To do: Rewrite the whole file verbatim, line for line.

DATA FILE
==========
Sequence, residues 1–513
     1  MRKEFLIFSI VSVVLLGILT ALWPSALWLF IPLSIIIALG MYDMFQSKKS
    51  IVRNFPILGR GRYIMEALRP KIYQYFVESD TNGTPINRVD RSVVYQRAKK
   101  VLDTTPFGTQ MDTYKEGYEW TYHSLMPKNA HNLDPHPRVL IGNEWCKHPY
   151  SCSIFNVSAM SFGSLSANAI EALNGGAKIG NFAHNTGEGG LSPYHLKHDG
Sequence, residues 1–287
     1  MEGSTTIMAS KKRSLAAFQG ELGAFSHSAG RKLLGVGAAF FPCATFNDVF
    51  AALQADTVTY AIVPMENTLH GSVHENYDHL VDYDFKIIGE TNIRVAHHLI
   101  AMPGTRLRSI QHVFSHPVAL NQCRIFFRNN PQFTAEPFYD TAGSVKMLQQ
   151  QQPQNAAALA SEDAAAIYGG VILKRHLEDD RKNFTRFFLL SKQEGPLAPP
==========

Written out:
Sequence, residues 1–513
     1  MRKEFLIFSI VSVVLLGILT ALWPSALWLF IPLSIIIALG MYDMFQSKKS
    51  IVRNFPILGR GRYIMEALRP KIYQYFVESD TNGTPINRVD RSVVYQRAKK
   101  VLDTTPFGTQ MDTYKEGYEW TYHSLMPKNA HNLDPHPRVL IGNEWCKHPY
   151  SCSIFNVSAM SFGSLSANAI EALNGGAKIG NFAHNTGEGG LSPYHLKHDG
Sequence, residues 1–287
     1  MEGSTTIMAS KKRSLAAFQG ELGAFSHSAG RKLLGVGAAF FPCATFNDVF
    51  AALQADTVTY AIVPMENTLH GSVHENYDHL VDYDFKIIGE TNIRVAHHLI
   101  AMPGTRLRSI QHVFSHPVAL NQCRIFFRNN PQFTAEPFYD TAGSVKMLQQ
   151  QQPQNAAALA SEDAAAIYGG VILKRHLEDD RKNFTRFFLL SKQEGPLAPP